A new face to blogging

I have brought what is likely to be a full stop to the English Catholic blog which has become too intrinsically involved with the almighty mess caused by the recent vicissitudes of the TAC, the way the RC ordinariates have been implemented and the effects of conservative Anglicanism and conservative Roman Catholicism.

By my theological formation and life experience, I am not a conservative, and each time I dialogue with this “occupying army” in Christian churches and blogs, I come a cropper. Simply, it is just about impossible to avoid taking sides or jumping onto someone’s bandwagon. There were two ways to deal with the English Catholic blog – remove the “occupying army” or abandon the blog. I removed some of the most aggressive, including a comment from someone mocking the “novus ordo” in a “traditionalist” rhetoric, and I have effectively abandoned the blog.

On this blog, on which I want to keep discussion to serious matters, I will take preventive measures as necessary so that this blog does not go down the same path. Some people believe blogs and comments are to be used for contradictory debating. Such debates boil down to one subject: My church is the true church and you have to join it and accept whatever conditions you find in your way. You must join our church, but we’ll make it impossible for you.  I don’t want that here, and I will just put the offending e-mail addresses on the banned list. The comments concerned go into the spam bin, and once I am sure they are not there in error, I press the delete button. They never appear on the blog. Simple as that. If I seem to be having an ego trip, don’t worry. There are millions of blogs over which I have no control, and our “aggressive drivers” can comment on those without any opposition from me. Similarly, if my style of blogging doesn’t interest you, no one is forcing you to read it – just go away.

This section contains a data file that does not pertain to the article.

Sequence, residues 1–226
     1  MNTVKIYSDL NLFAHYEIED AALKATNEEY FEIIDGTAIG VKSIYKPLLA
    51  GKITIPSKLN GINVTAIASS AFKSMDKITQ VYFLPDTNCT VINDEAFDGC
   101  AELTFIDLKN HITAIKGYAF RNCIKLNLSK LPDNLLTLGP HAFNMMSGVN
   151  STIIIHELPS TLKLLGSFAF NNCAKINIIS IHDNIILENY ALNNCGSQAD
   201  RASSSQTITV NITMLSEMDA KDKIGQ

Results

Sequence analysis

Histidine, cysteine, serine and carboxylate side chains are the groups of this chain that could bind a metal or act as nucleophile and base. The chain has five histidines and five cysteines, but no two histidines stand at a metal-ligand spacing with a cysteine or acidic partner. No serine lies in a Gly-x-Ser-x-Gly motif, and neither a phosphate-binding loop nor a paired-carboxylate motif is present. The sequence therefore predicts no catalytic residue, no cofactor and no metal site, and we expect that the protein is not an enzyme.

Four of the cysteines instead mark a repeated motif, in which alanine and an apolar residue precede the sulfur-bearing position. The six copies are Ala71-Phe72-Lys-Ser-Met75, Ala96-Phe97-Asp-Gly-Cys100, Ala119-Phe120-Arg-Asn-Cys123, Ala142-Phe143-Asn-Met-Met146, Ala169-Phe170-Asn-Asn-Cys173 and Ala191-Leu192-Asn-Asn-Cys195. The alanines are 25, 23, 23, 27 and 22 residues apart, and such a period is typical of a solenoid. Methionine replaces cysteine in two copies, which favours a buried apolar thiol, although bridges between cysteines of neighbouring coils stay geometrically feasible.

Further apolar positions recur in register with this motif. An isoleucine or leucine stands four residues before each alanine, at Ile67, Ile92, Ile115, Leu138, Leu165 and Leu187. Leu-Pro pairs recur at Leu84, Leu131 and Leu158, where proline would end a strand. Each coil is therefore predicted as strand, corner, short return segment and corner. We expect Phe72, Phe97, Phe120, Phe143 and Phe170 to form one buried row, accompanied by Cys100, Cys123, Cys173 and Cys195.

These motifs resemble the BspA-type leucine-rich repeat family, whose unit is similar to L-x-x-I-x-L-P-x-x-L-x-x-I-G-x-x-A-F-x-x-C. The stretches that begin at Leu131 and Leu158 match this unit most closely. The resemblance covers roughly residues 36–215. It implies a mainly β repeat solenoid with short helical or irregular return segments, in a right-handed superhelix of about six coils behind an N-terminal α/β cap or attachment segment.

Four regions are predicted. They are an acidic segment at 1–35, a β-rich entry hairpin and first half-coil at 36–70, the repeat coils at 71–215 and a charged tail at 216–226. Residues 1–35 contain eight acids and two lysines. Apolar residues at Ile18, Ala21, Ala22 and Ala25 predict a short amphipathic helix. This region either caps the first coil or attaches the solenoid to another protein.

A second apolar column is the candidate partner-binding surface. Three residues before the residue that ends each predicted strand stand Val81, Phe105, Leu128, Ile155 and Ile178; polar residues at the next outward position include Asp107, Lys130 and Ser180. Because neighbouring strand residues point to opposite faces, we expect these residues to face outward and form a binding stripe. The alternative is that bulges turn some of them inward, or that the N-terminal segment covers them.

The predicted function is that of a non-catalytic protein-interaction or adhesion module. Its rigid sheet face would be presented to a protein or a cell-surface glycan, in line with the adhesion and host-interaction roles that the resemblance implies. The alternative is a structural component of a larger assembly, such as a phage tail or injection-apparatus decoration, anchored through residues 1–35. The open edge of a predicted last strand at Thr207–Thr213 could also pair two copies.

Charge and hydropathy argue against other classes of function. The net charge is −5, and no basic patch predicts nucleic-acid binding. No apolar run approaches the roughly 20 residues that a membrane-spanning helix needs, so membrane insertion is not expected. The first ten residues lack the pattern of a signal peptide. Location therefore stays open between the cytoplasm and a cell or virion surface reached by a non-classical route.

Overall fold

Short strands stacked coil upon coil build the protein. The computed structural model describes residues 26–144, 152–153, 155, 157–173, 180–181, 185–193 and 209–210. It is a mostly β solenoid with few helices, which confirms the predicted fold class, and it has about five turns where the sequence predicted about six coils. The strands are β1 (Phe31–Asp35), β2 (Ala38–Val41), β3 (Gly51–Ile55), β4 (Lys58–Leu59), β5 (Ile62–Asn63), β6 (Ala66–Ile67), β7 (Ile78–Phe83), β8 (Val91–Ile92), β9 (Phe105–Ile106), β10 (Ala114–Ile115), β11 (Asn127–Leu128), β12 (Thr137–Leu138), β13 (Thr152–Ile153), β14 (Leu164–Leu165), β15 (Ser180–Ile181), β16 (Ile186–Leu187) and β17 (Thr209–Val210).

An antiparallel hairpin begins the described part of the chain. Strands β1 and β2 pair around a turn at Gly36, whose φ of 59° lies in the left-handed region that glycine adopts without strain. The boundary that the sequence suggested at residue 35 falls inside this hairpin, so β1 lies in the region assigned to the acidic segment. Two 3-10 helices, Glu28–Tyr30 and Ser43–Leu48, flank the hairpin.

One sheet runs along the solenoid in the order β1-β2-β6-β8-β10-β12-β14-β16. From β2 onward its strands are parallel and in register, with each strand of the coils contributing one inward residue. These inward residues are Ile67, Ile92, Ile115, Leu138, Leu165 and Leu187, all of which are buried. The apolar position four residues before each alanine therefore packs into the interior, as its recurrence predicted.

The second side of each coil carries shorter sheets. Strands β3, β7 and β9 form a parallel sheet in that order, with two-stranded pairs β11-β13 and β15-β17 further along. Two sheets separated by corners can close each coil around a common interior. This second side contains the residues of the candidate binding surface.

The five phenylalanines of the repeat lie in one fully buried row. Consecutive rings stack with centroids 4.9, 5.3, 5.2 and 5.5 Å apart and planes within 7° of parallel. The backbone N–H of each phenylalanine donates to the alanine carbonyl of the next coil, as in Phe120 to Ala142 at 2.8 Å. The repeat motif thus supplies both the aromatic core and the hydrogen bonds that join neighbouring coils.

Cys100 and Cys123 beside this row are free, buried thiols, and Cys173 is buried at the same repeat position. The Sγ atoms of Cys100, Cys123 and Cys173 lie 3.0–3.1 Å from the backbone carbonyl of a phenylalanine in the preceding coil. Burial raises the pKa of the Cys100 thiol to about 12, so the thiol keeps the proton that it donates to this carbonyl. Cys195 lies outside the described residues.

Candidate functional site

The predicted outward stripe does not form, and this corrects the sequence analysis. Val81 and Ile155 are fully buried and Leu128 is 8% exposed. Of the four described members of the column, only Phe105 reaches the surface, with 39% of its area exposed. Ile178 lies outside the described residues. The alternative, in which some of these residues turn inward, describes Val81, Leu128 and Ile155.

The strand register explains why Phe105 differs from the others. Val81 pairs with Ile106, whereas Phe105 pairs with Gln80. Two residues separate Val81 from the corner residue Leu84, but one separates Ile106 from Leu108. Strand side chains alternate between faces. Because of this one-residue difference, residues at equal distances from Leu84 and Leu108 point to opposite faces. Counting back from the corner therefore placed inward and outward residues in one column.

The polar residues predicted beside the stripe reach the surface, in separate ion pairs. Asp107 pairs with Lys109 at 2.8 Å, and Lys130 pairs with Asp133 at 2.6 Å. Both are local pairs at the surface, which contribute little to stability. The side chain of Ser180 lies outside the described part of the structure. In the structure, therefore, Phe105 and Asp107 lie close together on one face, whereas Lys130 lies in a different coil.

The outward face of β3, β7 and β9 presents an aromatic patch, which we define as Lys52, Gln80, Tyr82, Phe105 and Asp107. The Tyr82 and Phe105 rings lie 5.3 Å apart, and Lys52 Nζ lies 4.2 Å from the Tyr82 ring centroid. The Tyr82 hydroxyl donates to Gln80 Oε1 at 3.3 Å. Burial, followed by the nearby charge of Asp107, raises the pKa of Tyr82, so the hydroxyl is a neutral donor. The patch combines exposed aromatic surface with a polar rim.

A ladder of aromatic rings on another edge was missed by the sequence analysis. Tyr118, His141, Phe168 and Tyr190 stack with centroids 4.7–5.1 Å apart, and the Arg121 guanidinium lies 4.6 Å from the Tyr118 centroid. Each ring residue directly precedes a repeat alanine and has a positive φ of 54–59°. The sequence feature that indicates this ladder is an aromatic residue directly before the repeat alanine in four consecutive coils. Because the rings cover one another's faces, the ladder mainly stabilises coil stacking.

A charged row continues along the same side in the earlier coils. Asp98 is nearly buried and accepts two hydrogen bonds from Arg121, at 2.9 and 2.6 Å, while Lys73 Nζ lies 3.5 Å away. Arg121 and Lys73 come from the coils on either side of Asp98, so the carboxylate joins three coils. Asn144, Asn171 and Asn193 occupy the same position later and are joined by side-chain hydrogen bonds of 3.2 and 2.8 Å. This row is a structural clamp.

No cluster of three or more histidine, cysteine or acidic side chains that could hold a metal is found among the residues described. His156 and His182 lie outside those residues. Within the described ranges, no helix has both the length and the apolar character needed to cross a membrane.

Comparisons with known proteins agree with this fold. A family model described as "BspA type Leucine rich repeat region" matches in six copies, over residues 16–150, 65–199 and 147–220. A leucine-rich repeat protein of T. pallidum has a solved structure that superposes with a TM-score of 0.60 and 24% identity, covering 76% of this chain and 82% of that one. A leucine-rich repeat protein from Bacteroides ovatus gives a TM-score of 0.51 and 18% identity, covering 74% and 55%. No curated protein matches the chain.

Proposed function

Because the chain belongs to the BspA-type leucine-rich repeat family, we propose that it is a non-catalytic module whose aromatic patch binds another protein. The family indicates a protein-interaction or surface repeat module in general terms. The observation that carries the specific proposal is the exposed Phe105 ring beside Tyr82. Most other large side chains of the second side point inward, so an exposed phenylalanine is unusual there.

I have enough of a critical way of thinking to see through the virtual world of the Internet. It doesn’t have the reality of people living in Yvetot, Saint Valéry en Caux or Rouen, or the good people I recently met at Costock in Nottinghamshire. I still have my family and friends in England. My wife is a believer, and occasionally feels the need to recharge her batteries in our chapel, but she is revolted by the clerical and elitist Church. The unfortunate thing about ordaining women is that nothing would change. The same clericalism would be back with a vengeance. That is the reality! As soon as I finish this posting, I’m going sailing, as I have no translating orders to do today. The weather is beautiful and there is a light wind.

It will also be better if this blog does not concern my own vocation or the churches I have belonged to. I am a banged-up mess, and I doubt I will ever be called to serve a normal flock of lay faithful as their priest and pastor. That sort of decision should be in the hands of a bishop. I am under the jurisdiction of an archbishop about to resign, apart from remaining as bishop of his flock in Australia, and perhaps gather a small group of those not going to the Ordinariates and not attracted to the kind of Anglicanism promoted by most of the conservative Continuing Churches. There is to be a meeting, and we will see who will be at it. If that goes belly-up, then I will be once again an unchurched cleric, as I was back in 2005. What goes around comes around!

This is now my main blog and I will try to make of it something worthwhile. It will be something I can do as a priest in a Church as a kind of “teaching ministry” to an invisible or remote flock – or as a layman more or less alienated from churches and living a spiritual life through prayer, reading and the love of nature. That decision is for later this year, as I am still too emotionally upset to make a wise decision.